Nearly a millennium has past since Ramanuja (ca. 1017-1137) wandered the roads of southern India, yet his legacy as theologian, teacher and philosopher remains alive. His many followers consider him to bea saint and one of the greatest teachers of Vishishtadvaita Vedanta, one of the six classical systems of Indian philosophy.
Ramanuja belonged to the Acaryas, believers who worked to systemize the monotheistic theology of Vaishnavism. He was an exponent of a qualified nondualism known as Vishishta-Advaita. He combined the northern and southern traditions of Vaishnavism and strengthened the religious belief and worship of Vishnu. He encouraged the general population toward a devotional expression of Hindu spirituality by teaching that the Divine entails rather than transcends all qualities.
Responsibility at an Early Age
Information on the life of this Indian theologian and teacher is based primarily on legend handed down through the centuries. Ramanuja was born into a privileged Brahmin family in about 1017 in Sriperumbudur, a village in southern India about 25 miles west of Madras. His father was Keseva Samayaji, his mother, Kantimathi. Around 1033, Ramanuja married a girl named Rahshambal. His father died within a few days of the wedding, and this caused him considerable grief. Ramanuja gathered his young wife and his mother and left for Kanchipuram, where he settled. Ramanuja's cousin, Govina Bhatta, his closest friend and a man with whom he shared a mutual affection from early childhood soon joined them. Bhatta would play a pivotal role in Ramanuja's future, delivering him from a plot to take his life. Ramanuja's marriage lasted until he was thirty, when he gave up the worldly life for that of religion.
A Jealous Teacher
Ramanuja was considered a brilliant boy of extraordinary intelligence and as a youth studied the Vedanta, one of the six classical systems of Indian philosophy. Soon after moving to Kanchipuram, he met Yadavaprakasha, a teacher of Advaita philosophy and follower of the monistic system of Vedanta of Shankara, an eighth-century philosopher. Ramanuja adapted well to his studies but soon found himself in conflict with his teacher. Yadavaprakasha preached strict nondualism, while Ramanuja qualified his beliefs, stating that the Divine One is not without distinction but embodies infinite contrast. Profoundly religious, he frequently argued with his teacher, questioning his instruction and professing a different understanding of the religious teachings. He found mistakes in Yadavaprakasha's teachings, and soon the teacher became jealous of his student. Yadavaprakasha realized that his student had a clearer understanding of the religious texts than the teacher. After several more instances of being corrected by his student, the guru considered him a threat and plotted to kill him.
Yadavaprakasha arranged for Ramanuja to join him on a pilgrimage to Varanasi with several other students and his cousin, Govina Bhatta. As the trip progressed, Bhatta learned of the plot and told his cousin, helping him to escape. Ramanuja wandered lost in the forest and was soon found by a hunter and his wife who helped him find his way out. During this time he was said to have had a vision of the God Vishnu and his wife Laksmi. Ramanuja believed the hunter and his wife to be the incarnations of Vishnu and Laksmi and immediately began a daily worship ritual at the place where he first beheld them.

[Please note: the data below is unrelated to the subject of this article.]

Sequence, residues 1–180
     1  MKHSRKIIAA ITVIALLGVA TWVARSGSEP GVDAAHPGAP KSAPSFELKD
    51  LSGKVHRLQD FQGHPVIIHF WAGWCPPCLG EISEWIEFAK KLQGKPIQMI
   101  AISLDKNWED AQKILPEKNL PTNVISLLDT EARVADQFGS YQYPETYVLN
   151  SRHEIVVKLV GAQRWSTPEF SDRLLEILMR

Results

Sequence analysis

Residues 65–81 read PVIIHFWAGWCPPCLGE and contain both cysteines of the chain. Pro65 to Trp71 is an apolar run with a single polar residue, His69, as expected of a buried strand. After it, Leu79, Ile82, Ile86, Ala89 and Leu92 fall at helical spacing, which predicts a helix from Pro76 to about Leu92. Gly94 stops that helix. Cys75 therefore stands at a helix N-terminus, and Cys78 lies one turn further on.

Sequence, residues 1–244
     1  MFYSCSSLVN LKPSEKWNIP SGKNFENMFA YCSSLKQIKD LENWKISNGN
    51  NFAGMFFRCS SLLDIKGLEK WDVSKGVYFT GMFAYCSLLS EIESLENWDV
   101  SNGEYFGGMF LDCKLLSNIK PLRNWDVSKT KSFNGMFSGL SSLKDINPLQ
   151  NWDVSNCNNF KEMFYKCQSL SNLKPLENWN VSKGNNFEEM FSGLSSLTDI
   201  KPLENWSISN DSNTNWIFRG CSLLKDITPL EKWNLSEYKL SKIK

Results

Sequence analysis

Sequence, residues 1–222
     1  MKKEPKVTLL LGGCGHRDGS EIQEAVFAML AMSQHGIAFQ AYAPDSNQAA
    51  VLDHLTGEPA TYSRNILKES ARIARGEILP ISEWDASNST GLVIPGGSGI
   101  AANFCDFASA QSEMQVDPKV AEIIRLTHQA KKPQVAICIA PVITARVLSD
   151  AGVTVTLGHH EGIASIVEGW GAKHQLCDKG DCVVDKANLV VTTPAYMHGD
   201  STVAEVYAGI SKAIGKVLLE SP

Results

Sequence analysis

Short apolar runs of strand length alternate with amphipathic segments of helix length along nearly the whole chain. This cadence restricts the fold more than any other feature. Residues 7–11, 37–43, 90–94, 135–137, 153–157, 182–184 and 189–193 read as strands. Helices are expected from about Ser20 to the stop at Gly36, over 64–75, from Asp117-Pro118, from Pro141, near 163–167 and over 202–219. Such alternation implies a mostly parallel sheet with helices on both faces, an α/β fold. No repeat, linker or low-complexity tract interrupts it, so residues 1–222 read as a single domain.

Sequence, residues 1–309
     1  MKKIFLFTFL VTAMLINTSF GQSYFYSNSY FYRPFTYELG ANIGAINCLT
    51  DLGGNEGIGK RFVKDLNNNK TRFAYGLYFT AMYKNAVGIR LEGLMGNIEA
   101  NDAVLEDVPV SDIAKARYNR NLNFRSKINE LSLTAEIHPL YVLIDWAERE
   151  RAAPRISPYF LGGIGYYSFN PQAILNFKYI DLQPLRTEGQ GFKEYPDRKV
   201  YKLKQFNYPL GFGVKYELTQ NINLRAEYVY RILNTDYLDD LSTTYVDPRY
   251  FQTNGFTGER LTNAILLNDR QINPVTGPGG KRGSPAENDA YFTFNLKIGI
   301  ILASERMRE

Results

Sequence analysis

When the teacher and his students learned of Ramanuja's escape, they sought him but were unable to find him and believed he died in the forest. Soon Ramanuja found his way out of the forest only to discover that he had returned to the same spot from which he had departed. When Yadavaprakasha discovered that Ramanuja returned he feared his plot would be discovered, and he set about convincing the young man to return to the guru and resume his lessons. Ramanuja agreed, but times had not changed, and Ramanuja continued to find fault with Yadavaprakasha's interpretations of religious writings resulting in a final falling out between student and teacher.
After the second split, Ramanuja became a temple priest at the Karadaraja temple at Kanchi where he was loved and respected by his students. At the temple he began teaching that the worship of a personal god and the soul's union with him is an essential part of the doctrines of the Upanides (part of the ancient Hindu texts) on which the system of Vedanta is built.
A New Guru
During this time, Ramanuja came to the attention of a guru by the name of Yamunacharya, the leader of the Vishishtadvaita school. He was an elderly man, aware that he was dying. He had been searching for the right man to follow in his tradition, and upon seeing Ramanuja he became convinced this was the right one to continue his work.
When Yamunacharya learned of the separation of Ramanuja and his guru, he invited Ramanuja to visit. Ramanuja traveled to Srirangam to meet the famous teacher, but upon his arrival he discovered the great man had died. While viewing the body, he observed that three of Yamuna's fingers were twisted, and Ramanuja interpreted this to be a message directing him to make three vows-to make the people surrender to God; to write a commentary on the Vedantasuta (Sri bhashya) and to write an encyclopedia on the Puranas. He was told by the disciples of Yamunacharya that he had been selected by the guru to carry on his teachings.